Blanche Hillyard was the first woman player whose standard of performance could be described as formidable. Her style was not particularly varied and like most of her contemporaries, she played a baseline rather than a volleying game; her backhand was defensive and relatively weak and her overhand serve, although an unusual stroke for a woman in her day, was not especially strong. What gave her play distinction was a remarkable natural forehand that had topspin and was much more powerful and accurate than those of her contemporaries, her follow-through going so far that the impact of her right hand and wrist badly bruised the upper part of her left arm and shoulder. Excellent footwork and great agility and speed, along with clever tactics, good judgement and intense concentration were also major assets, as were her fierce competitiveness, tremendous, determined, dogged persistence and unfailing self-control.

Blanche Hillyard never knew when she was beaten or what it was to be too tired to play on. By her own description, her most memorable match was the 1889 Wimbledon final against Lena Rice, who won the first set 6-4 and led in the second set by 5 games to 3 and 40-15 in the ninth game before Blanche Hillyard staged an extraordinary comeback to take the set 8 games to 6 and went on to win a well-fought third set 6-4.

Unlike many sportswomen, Blanche Hillyard did not give up serious competition with marriage and motherhood, although she never allowed her love of tennis to interfere with domestic duties and her championship record is marked by breaks of family building. Her courtship with George Hillyard was frequently conducted on the tennis court, and both played competitive tennis on their honeymoon. Commander Hillyard, a fine cricketer and tennis player (especially at doubles), also competed at Wimbledon, although with less success than his wife. More than that, he was one of the founders of the Lawn Tennis Association (1888), a distinguished umpire and, from 1907 to 1924, as Secretary of the All England Lawn Tennis Club, he was a great power in the tennis world. Their son, Jack, enjoyed modest success when he played competitive tennis during the 1920s.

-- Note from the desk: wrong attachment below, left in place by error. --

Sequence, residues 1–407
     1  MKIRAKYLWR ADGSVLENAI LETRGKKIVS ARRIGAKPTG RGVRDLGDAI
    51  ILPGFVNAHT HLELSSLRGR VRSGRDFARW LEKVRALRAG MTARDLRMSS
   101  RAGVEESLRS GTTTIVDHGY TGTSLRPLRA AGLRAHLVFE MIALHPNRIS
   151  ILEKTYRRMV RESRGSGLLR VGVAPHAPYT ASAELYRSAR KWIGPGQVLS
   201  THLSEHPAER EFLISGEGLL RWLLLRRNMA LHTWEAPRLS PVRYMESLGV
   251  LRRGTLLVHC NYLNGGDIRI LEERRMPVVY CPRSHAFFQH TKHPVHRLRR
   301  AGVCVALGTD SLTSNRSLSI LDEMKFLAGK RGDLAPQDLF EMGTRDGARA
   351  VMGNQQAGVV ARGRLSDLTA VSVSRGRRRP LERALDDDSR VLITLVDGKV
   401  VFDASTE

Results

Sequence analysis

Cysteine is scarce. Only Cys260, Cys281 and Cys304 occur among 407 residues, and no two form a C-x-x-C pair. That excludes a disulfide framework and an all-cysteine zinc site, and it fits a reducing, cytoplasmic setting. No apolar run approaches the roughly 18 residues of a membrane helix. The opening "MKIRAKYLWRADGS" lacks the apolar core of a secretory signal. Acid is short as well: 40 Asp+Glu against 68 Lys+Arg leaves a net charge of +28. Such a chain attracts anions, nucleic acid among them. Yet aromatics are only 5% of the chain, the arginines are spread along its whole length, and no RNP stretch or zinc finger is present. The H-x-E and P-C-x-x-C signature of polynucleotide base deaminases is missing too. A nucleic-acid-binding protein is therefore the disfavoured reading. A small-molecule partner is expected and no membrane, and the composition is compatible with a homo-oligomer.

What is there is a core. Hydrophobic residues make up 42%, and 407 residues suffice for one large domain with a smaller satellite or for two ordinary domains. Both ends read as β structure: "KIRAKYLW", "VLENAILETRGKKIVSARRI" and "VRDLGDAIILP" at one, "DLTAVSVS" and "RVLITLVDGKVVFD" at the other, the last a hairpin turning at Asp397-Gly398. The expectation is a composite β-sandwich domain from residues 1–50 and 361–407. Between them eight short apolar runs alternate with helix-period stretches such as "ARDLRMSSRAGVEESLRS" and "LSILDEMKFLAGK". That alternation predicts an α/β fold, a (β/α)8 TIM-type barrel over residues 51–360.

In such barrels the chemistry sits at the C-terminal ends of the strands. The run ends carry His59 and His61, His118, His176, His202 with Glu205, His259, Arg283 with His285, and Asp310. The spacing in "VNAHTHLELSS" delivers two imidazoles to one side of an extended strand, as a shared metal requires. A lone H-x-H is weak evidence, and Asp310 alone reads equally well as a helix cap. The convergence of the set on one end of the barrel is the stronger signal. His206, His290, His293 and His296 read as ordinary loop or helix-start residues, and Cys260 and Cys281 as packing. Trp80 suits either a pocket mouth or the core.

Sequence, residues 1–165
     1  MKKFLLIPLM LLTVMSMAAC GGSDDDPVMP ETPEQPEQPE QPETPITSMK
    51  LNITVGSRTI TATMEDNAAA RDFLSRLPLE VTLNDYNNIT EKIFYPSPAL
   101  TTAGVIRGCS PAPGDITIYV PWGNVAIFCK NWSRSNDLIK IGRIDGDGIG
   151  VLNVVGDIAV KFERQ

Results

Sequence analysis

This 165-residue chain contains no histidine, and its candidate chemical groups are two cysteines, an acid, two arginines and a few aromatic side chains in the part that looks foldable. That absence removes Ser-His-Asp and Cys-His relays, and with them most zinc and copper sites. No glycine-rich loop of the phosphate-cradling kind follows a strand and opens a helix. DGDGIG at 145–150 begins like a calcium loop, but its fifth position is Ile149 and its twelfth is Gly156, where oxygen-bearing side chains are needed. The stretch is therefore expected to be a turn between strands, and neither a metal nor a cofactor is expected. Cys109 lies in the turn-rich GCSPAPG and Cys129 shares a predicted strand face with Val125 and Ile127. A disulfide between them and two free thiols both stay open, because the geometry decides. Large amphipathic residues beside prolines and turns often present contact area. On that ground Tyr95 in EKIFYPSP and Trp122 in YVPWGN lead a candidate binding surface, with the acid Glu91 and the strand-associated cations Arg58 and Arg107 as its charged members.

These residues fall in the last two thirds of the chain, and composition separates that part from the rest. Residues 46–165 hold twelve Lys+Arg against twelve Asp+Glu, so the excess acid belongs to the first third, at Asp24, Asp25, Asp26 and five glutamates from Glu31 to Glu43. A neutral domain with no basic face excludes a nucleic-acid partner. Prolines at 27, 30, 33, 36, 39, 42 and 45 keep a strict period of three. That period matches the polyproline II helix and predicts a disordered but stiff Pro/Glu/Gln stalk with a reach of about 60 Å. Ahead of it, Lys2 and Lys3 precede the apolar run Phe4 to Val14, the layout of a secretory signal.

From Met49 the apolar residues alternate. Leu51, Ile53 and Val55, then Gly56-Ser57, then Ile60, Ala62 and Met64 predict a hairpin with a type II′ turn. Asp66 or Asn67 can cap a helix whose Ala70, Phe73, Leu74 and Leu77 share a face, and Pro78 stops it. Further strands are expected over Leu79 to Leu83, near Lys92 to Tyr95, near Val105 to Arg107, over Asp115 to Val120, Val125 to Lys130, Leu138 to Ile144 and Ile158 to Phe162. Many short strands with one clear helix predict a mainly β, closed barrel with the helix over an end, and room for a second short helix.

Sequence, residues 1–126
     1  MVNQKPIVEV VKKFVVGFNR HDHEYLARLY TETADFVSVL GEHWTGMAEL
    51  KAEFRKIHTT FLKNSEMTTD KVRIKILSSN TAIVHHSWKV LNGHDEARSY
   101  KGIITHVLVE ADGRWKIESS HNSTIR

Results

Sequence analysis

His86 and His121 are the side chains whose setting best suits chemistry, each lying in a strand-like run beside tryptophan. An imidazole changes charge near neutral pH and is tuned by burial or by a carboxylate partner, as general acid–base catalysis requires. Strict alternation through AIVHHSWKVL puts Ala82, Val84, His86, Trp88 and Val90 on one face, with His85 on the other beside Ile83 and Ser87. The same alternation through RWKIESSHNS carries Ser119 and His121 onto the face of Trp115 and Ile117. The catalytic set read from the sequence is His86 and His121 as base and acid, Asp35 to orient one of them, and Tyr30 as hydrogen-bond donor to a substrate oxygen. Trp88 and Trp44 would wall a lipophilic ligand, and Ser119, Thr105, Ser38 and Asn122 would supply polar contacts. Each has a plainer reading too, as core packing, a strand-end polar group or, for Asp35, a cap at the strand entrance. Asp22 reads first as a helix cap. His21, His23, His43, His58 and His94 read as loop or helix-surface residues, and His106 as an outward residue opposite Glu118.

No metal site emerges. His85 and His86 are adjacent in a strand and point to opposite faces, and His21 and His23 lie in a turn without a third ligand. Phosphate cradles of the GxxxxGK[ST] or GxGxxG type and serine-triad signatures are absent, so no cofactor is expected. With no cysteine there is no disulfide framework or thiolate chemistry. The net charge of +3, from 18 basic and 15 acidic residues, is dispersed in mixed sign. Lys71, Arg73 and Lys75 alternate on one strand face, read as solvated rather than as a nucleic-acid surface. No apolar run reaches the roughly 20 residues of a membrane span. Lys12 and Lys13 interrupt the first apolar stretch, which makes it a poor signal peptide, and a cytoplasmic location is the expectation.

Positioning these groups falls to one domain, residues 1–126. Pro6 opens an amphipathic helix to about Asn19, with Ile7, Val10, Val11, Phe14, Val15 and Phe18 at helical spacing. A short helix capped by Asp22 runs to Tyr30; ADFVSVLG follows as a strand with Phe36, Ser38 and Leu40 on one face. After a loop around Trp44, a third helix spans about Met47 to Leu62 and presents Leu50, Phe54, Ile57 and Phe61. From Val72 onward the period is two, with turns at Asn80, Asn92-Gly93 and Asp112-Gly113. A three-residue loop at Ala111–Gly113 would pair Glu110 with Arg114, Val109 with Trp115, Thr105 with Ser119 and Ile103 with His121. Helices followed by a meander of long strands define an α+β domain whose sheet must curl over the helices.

The Hillyards’ estate at Thorpe Satchville, near Melton Mowbray in Leicestershire, included a private golf course and tennis court, and exuded an uninhibited sporting atmosphere. The Hillyards adored dogs and allowed their pack of pocket beagles and other terriers to wander in and out of the house at will. Hunting and tennis parties, including most of the leading tennis players of the day, were common. Indeed, according to Dame Mabel Brookes, the wife of Norman Brookes, the first Australian to win Wimbledon, Thorpe Satchville was “an institution rather than a house”.

Blanche Hillyard was a tall, plain, athletic-looking woman with a bold, clear signature that reflected her definite, businesslike manner on and off court. A sports all-rounder who was an excellent horse- and huntswoman (she hunted with the Quorn fox hunt for thirty years) as well as a tennis player, she was known for her exceptional sportsmanship and pleasantness to opponents weak and strong: the frowns that characterised her tennis play resulted from concentration rather than annoyance. She was known also for a minor sartorial eccentricity in that she always played in soft white leather gloves, evidently to ensure a firm grip on the racket.

As one of the pre-eminent women tennis players of her age, Blanche Hillyard was asked to contribute articles on tennis to various journals, including Herbert W.W. Wilberforce’s “Lawn Tennis” (1890) and Lady Greville’s edition of “The Gentlewoman’s Book of Sports” (1892). These reveal that, although far from advocating “women’s rights”, she believed in dress reform in sport and that participation in sport advanced the position of women. “In tennis,” she wrote, “our sex can compete with a certain amount of equality with the ‘lords of creation’”; for playing “promotes … that coolness of head and judgement which we are so often taunted with lacking”.

Commander George Hillyard died on 24 March 1943 at the age of 79. Blanche Hillyard’s full life and “direct approach kept her bravely active, until at a great age and crippled with arthritis, she cried ‘enough’ and passed on” (Brookes, 73) at her home, Greenford, Mare Hill, Pullborough, Sussex, on 6 August 1946. She was 82.